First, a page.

Australian workers consider themselves savvy with digital technologies

Digital skills in the spotlight.

Australian workers’ sense of technology mastery has accelerated, with 65% of employees considering themselves either experts or proficient with digital technology, according to a survey by Gartner, Inc.

“Digital workers seized the opportunity to improve their mastery of technology during the pandemic,” said Gavin Tay, research vice president and Gartner Fellow. “They demonstrated adaptability and resourcefulness, became more autonomous in solving digital problems and felt more productive. Australian workers intend to seize the flexibility that 2020 gave them and turn it to their benefit.”

Gartner surveyed 10,080 full-time employees at organizations with 100 or more employees, including 919 in Australia, to better understand workers’ technology and workplace experiences and attitudes.

Although 31% of workers said they are still developing knowledge, that percentage has decreased as the pandemic forced organizations into a digital work reality.

Flexible Work Supports Increased Productivity

When asked to select reasons for improved productivity, 42% said flexible work hours. The next most common reasons for any productivity improvement were availability of new technology or devices (23%), and changes in their physical space or location, such as fewer distractions and less socializing with coworkers (23%).

Questions still linger among executives regarding the impact of remote work on productivity, however, more than one-third (34%) of Australians reported that they have been more productive since the start of the pandemic. Only 20% of Australian respondents said they were less productive since January 2020, and 46% felt their productivity remained the same. Connectivity issues were the most selected reason for decrease in productivity (26%) followed by more time spent in meetings (23%) and lack of the needed technology or technical know-how (23%).

Employee Monitoring Deemed Unacceptable

Australian workers are disinclined to approve of any method of digital surveillance to a notable degree, according to the research. Of workers surveyed, 20% said no form of monitoring is acceptable. Measuring task outcomes and frequent worker-manager check-in meetings are the most acceptable means of monitoring.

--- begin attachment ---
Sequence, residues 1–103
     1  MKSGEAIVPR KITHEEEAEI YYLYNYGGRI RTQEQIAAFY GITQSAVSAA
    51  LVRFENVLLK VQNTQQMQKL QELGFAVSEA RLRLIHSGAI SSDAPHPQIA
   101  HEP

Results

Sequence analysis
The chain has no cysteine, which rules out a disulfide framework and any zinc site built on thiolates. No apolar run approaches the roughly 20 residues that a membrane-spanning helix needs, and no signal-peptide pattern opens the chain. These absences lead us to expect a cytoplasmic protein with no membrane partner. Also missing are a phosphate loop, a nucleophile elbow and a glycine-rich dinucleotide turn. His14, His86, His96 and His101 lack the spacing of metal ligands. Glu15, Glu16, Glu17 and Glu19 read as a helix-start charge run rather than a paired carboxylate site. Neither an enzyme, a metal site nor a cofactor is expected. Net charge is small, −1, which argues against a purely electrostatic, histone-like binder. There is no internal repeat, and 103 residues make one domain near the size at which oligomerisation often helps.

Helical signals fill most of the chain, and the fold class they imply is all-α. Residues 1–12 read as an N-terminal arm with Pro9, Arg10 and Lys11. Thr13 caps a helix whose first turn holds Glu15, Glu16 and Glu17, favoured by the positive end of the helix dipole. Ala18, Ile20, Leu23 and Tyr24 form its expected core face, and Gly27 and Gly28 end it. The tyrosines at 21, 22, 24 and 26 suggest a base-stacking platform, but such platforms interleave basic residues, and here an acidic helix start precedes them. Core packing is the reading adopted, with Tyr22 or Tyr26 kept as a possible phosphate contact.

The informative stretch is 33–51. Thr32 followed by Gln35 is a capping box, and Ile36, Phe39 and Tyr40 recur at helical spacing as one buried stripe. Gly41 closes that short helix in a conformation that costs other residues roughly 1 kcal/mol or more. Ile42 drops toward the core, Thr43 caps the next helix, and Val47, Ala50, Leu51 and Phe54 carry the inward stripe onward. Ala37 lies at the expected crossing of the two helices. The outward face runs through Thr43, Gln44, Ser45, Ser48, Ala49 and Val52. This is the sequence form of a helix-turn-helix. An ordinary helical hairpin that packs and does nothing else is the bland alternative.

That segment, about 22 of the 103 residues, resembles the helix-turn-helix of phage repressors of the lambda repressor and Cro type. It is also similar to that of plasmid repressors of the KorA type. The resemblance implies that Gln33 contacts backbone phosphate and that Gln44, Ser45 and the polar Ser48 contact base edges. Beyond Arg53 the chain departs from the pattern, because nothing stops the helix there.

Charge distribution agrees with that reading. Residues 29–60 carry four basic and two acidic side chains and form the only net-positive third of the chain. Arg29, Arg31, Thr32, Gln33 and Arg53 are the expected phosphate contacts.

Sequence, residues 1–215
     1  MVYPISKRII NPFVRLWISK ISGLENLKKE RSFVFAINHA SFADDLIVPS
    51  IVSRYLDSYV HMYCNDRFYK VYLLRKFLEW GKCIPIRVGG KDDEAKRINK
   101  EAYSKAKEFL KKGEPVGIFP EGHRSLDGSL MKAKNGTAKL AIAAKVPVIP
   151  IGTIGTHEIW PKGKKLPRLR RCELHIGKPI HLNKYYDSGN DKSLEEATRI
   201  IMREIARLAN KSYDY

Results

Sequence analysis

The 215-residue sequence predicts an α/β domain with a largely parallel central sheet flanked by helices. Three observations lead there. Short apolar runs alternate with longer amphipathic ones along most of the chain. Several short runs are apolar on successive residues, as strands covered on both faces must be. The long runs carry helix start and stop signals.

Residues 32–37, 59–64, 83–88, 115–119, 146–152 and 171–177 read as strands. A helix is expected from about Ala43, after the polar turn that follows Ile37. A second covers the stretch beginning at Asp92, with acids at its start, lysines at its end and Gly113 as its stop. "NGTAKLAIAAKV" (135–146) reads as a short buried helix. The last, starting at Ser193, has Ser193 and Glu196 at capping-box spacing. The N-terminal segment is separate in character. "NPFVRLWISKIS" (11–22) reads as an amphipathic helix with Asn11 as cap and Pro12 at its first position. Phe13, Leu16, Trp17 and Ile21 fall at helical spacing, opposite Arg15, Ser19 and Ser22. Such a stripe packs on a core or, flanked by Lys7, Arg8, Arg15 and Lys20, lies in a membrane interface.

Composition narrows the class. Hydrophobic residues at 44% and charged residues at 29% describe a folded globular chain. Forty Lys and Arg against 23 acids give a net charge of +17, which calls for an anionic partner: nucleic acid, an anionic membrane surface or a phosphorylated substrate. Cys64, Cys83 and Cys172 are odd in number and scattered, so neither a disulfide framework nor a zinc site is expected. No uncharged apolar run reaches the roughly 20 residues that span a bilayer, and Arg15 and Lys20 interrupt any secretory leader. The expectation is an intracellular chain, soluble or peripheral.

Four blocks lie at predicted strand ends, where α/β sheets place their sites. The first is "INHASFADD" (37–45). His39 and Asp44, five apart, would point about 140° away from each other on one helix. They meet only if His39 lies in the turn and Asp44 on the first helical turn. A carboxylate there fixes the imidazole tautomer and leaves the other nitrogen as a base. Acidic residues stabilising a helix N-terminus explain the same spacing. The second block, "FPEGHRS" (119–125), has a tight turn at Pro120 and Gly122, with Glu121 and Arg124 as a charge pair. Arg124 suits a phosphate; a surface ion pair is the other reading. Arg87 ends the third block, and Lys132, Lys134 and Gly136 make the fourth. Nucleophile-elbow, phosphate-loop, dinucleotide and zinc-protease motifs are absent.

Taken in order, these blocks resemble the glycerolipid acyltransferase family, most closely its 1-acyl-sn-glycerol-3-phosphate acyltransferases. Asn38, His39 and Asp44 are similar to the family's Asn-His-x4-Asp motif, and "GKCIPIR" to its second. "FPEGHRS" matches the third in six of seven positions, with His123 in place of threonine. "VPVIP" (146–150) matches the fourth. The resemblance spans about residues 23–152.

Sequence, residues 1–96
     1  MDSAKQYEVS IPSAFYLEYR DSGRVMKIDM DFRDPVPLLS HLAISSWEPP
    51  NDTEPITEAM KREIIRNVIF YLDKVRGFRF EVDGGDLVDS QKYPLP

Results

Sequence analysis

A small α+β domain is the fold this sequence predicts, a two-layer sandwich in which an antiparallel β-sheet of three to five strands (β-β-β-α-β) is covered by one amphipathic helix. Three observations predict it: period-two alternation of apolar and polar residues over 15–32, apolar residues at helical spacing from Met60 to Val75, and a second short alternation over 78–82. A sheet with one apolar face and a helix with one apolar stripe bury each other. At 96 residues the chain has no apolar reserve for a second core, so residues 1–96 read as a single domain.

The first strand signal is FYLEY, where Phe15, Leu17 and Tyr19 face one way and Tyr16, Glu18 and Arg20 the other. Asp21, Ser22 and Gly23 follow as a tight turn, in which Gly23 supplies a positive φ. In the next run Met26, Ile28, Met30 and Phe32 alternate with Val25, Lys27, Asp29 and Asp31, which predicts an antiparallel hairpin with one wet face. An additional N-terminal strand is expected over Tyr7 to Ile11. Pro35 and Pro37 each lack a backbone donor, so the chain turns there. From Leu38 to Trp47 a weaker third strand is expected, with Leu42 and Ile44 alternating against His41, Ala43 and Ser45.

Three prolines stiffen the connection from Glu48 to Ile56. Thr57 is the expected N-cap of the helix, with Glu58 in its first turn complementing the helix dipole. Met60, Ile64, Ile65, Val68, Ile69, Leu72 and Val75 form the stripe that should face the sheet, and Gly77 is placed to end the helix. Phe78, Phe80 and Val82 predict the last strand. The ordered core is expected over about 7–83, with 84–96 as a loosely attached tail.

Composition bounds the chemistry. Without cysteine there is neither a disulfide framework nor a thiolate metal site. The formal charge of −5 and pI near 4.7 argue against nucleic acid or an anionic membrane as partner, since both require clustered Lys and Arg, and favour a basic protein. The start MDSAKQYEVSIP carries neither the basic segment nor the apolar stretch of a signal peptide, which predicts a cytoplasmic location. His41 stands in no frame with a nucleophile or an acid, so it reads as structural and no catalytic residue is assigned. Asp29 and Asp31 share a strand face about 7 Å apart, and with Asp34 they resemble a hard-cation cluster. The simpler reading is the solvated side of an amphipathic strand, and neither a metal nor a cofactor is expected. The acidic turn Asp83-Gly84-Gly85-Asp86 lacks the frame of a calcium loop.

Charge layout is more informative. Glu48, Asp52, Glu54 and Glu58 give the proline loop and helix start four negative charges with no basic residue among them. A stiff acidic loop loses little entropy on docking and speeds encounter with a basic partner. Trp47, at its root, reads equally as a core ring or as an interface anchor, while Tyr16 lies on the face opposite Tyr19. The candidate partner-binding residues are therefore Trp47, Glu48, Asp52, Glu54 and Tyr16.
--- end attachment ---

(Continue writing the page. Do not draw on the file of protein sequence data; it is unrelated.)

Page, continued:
“Employers may monitor worker activities broadly, but should avoid using monitoring software,” said Tay. “They should also align any surveillance to existing consents, prioritize health and safety and follow notification rules.”

Coworking More Popular in Australia

One-third of Australians said they would prefer to work from a combination of locations. When asked to indicate what proportion of time they work from various locations, Australian respondents worked on average of 21% of the time in shared or coworking offices, higher than the 13% average across all countries surveyed, and significantly more than Japan (2%) and Germany (4.5%).

Only 12% said they would prefer to work at the company office all the time, while 14% said they prefer to only work from home. Looking ahead, 57% of Australian workers said they wish to work three or more days remotely each week.

Australians Prefer to Call IT for Help

In 2021, the variety of ways to solve digital challenges boomed. However, the survey found that the number one preference for Australians is still to call internal IT support and speak to a live person to help resolve technical issues (top choice for 20% of Australian respondents and 46% ranked it in the top three). Respondents in other countries were more likely to look for an answer on the internet or ask a coworker.

“Digital proficiency becomes even more essential for productivity when working remotely,” said Tay. “CIOs should extend worker-to-worker lateral mentoring and training to ensure that no employees are left behind as technology mastery becomes the expectation.”






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